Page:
Like anything else in life, shopping online can never be a perfectly safe undertaking. The good thing is that there are ways to protect yourself (and your finances) from less than honest individuals looking to snatch your hard-earned dollars out from under you.
Here are 6 online shopping habits you can avoid to keep yourself safe:
Sharing too much information
Most legitimate companies tell their customers that they will never ask for personal account details via email or online; however, that's not to say that you don't have to provide your credit card information when you're about to buy something, but it does mean you should be sure about what it is you're providing. If you don't feel comfortable with the details you're asked to provide, don't do it.
Doing business with people or companies you don't know
Only do business with people you know and trust. Having some familiarity with the company to whom you're providing your credit card or banking details goes a long way toward making the transaction safer.
Falling victim to phishing
Phishing is the name for those fake emails you may have received from a familiar company. It might have a company logo and may even use a company email address; it will ask you to click on their link and log into your account. The problem is that the website you're logging into isn't a legitimate site and you've just provided your log in and password to an identity thief. Read "What makes shopping online unsafe?" for more information about phishing.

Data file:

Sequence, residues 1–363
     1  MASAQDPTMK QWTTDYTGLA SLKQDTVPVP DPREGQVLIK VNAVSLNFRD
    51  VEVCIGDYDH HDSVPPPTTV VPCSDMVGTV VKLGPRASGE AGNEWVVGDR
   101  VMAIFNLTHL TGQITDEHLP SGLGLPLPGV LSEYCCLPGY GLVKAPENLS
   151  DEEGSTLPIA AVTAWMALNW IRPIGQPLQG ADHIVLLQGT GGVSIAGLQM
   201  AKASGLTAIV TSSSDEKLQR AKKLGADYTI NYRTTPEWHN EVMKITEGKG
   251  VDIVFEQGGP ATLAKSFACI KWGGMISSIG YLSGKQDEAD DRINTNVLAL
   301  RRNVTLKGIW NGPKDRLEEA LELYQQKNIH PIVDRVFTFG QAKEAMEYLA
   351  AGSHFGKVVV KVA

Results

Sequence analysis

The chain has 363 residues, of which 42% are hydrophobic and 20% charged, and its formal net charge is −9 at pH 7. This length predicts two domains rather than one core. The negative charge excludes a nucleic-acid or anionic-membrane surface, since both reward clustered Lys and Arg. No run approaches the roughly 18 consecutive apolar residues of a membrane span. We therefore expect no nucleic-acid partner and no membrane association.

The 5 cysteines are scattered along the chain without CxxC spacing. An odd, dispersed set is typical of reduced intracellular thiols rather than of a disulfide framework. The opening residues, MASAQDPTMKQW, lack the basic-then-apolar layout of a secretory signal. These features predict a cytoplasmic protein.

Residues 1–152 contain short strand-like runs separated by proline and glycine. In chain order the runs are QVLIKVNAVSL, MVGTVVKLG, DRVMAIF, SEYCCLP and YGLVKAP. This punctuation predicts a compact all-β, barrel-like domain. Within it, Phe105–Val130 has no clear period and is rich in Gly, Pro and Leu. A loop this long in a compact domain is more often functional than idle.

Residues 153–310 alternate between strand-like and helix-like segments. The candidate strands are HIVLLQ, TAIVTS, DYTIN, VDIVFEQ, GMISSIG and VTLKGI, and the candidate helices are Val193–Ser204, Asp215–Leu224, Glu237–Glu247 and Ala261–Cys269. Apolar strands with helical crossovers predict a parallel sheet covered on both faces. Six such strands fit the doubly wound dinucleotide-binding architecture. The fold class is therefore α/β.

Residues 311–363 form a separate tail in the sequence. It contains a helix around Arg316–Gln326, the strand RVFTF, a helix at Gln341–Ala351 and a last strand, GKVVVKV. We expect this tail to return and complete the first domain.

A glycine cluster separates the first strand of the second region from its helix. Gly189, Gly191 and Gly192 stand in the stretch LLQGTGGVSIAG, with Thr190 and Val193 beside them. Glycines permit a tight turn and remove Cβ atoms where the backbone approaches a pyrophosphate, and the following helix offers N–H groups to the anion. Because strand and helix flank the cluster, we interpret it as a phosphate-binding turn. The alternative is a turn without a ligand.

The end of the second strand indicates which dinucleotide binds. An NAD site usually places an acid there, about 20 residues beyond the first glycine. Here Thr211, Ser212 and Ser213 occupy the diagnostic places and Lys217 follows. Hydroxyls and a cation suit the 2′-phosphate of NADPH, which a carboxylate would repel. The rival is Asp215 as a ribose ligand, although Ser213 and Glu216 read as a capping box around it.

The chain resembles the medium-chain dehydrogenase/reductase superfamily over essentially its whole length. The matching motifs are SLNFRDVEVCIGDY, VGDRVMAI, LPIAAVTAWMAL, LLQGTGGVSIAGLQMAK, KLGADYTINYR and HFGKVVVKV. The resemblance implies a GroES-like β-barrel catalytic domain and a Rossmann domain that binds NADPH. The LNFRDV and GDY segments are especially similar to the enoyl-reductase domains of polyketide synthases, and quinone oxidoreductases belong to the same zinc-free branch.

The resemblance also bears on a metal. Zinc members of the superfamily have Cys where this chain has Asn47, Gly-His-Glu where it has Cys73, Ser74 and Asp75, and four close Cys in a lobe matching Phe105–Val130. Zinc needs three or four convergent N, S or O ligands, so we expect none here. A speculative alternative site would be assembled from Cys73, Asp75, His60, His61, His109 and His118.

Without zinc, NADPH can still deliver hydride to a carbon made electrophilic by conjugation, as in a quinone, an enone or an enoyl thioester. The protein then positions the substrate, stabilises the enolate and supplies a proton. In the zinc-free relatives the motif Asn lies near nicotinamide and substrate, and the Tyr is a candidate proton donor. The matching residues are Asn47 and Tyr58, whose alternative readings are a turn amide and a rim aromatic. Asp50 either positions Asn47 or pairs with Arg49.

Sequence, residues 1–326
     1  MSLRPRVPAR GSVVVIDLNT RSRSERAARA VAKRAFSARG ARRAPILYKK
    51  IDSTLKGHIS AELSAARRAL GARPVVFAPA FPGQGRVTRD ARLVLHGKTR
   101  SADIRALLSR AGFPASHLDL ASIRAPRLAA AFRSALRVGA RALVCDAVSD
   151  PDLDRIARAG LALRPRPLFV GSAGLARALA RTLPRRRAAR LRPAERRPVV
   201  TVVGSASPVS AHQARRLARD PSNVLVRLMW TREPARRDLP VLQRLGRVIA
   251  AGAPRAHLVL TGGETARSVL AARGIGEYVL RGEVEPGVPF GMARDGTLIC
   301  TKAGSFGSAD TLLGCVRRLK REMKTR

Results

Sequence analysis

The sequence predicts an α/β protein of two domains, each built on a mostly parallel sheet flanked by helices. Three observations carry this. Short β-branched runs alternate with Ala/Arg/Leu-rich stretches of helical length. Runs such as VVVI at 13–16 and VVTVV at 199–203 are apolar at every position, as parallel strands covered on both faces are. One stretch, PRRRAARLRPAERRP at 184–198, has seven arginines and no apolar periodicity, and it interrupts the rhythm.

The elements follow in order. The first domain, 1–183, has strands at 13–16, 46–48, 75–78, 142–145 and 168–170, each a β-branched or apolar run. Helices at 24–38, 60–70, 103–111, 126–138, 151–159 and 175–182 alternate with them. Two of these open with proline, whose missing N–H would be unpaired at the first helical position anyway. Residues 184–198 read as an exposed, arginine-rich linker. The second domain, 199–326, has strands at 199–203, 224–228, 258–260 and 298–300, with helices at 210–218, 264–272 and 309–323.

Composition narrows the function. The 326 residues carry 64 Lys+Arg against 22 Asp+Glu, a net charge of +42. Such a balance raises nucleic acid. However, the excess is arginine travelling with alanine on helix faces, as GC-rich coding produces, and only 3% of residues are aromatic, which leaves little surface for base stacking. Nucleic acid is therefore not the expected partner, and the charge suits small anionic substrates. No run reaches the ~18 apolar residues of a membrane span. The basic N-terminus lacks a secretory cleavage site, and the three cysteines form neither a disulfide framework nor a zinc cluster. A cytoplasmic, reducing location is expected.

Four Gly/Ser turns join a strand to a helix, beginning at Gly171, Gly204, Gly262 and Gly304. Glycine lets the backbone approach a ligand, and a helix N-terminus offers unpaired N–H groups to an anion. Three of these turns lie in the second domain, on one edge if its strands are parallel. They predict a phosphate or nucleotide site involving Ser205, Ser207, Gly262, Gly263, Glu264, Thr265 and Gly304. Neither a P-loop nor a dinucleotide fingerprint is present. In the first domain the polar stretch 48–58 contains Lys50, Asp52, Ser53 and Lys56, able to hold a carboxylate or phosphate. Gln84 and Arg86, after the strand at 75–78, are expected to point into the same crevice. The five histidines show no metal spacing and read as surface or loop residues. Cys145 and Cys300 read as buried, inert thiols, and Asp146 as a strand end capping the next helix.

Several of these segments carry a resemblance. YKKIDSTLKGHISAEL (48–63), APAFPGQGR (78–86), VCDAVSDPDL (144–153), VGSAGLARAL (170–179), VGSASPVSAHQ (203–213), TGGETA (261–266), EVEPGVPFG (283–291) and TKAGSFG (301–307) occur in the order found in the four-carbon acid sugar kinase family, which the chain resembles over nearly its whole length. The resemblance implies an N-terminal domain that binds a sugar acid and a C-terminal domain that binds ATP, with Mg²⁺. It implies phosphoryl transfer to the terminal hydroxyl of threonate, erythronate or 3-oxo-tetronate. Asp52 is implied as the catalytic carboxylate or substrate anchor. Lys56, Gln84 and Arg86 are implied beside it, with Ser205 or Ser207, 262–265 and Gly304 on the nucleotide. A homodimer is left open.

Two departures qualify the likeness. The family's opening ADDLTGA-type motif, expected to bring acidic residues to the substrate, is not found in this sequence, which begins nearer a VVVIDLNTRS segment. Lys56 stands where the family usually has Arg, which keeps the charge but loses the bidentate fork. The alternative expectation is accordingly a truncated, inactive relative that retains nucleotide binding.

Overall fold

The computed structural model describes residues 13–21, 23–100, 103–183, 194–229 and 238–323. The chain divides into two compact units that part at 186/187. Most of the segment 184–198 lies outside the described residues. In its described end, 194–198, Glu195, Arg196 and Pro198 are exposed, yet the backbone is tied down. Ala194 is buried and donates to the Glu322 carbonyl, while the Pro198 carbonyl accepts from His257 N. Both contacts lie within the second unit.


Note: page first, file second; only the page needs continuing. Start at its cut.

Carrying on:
Failing to use a secure site
According to the online resource, OnGuardOnline.com, a joint effort between the Federal Trade Commission (the government agency that manages identity theft problems) and the technology industry, you should never use a site that doesn't use encryption to keep all information safe. There are ways to determine site safety, read "What makes shopping online unsafe?" for more information.
Using someone else's computer or a public computer
Public computers in hotel business centers, Internet cafés, and libraries are great for surfing the Internet and printing out your boarding pass, but they're not the best places to be entering sensitive information like logins, passwords, or credit card numbers for two reasons. First, the computer owner may have a type of spyware that captures this kind of data—consider your own computer, how it saves your passwords and logins so that you don't have to remember them every time. Second, it's a public computer used by a lot of different people, some with the ability to lift any data you may have entered.
More ways to protect your identity